As discussed above, the major colorants of the invention, some of which provide solar performance properties to the glass, include iron oxide, selenium, and in some embodiments cobalt oxide. The iron oxides in the glass composition perform several functions. Ferric oxide, Fe2O3, is a strong ultraviolet radiation absorber and operates as a yellow colorant in the glass. Ferrous oxide, FeO, is a strong infrared radiation absorber and operates as a blue colorant.
Selenium (Se) is an element that, depending on its oxidation state, acts as an ultraviolet absorbing material and/or as a colorant material. Selenium as colorant gives different results for color depending on its oxidation state. Oxidized as selenite or selenate, there is no visible effect (no impact) on color. Elemental selenium (dissolved as molecular Se) gives the glass a pink color. Reduced selenium (ferric selenide) gives the glass a reddish-brown color. Se may also absorb some infrared radiation and its use tends to reduce redox.
Cobalt oxide (CoO) operates as a blue colorant and does not exhibit any appreciable infrared or ultraviolet radiation absorbing properties. A proper balance between the iron, i.e. ferric and ferrous oxides, selenium, and in most embodiments cobalt is required to obtain the desired colored vision glass with the desired spectral properties.
There will be limits on the concentration of selenium and cobalt if the product is intended for an automotive vision glass application with LTA greater than about 70%. Specific examples are provided herein. To reduce the thermal load into a vehicle, the product should have a total solar energy transmittance (TSET) of less than or equal to 65%, more preferably less than or equal to 60%, even more preferably less than or equal to 55%, and most preferably less than or equal to 50%. To maintain the required LTA and desired TSET, the concentrations of Se, CoO, total Fe2O3, and redox ratio should be controlled. Thus, the provided examples give specific combinations of the above variables for desired color and TSET values. However, it is to be understood that the invention is not limited to the Examples disclosed herein. Generally, for the preferred combination of properties, as the TSET of glass is reduced, the FeO concentration (=Redox ratio ×total Fe2O3 concentration) increases. Beyond a certain value of total Fe2O3, redox ratio, or combinations thereof, it will become necessary to reduce the concentration of CoO, Se, or both.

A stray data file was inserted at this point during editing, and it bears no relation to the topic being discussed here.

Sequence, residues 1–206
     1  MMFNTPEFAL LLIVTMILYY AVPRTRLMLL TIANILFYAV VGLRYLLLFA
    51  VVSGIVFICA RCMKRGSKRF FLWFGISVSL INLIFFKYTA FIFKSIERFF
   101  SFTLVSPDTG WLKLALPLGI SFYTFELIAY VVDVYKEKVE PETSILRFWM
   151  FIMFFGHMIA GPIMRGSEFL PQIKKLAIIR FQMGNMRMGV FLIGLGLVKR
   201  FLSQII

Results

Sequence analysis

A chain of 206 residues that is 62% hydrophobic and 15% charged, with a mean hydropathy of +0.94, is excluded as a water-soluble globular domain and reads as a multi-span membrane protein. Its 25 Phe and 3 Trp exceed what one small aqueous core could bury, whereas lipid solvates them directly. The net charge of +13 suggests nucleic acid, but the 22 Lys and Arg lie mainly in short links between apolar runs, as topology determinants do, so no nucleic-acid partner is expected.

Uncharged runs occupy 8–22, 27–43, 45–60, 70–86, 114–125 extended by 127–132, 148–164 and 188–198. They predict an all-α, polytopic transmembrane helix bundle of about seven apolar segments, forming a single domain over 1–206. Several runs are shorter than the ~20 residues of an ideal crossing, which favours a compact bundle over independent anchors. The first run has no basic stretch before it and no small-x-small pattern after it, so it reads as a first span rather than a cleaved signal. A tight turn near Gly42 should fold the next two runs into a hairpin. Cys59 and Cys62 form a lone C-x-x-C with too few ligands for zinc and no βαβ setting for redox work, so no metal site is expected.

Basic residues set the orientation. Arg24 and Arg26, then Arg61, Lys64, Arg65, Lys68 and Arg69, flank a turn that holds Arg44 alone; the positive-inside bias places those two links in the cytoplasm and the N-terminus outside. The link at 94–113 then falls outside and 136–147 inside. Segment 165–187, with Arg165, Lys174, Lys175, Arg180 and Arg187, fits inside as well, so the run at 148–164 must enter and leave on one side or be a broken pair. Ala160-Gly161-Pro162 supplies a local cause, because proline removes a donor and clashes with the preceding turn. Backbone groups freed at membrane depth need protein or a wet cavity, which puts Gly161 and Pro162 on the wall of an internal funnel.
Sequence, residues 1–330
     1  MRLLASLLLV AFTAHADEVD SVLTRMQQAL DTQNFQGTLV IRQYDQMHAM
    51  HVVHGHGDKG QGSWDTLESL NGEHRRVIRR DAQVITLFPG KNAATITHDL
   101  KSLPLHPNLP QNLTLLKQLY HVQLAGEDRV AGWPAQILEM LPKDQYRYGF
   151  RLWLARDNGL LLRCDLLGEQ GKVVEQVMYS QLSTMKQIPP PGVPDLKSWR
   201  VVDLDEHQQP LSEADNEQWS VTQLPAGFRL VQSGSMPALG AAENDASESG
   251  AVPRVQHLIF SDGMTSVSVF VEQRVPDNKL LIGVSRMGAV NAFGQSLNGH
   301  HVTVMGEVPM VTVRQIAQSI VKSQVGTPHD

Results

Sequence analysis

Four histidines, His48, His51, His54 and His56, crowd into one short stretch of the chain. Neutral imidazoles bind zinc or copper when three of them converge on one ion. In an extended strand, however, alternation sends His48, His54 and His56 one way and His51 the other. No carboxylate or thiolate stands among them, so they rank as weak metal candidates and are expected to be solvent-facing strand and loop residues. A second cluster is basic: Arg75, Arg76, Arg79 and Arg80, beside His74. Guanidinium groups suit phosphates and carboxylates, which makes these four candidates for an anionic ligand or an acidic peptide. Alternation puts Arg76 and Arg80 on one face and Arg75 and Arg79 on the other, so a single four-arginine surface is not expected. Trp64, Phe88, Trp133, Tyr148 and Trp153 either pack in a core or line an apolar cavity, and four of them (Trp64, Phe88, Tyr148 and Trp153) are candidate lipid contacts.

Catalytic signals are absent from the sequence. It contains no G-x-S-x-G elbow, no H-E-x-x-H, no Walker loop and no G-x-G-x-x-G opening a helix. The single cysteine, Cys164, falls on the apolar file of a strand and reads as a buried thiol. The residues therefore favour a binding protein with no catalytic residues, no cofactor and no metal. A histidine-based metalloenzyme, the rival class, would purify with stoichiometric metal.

An exemplary high redox glass composition of the present invention has the following constituents:
For glasses with LTA less than about 70%, a broader range of the above colorants and redox ratio may be used. The maximum amounts of CoO and Se will be in the lower end of the above range for lower TSET values, e.g., less than or equal to about 52%. In addition, for a given LTA and TSET, the sum of their individual compositions will be less than the maximum usable concentration for each colorant alone. As a general rule, as the TSET value decreases, less of the above colorants will be required.
In one embodiment of the present invention, the major colorants for the glass are essentially free of lanthanum oxide, while in another embodiment the major colorants are essentially free of cerium oxide or both lanthanum oxide and cerium oxide. This means that there is no deliberate addition of these materials so they are present in the glass. Of course, some tramp or trace amounts or impurities of these materials may be present in batch materials for the basic and colorant portions of the glass.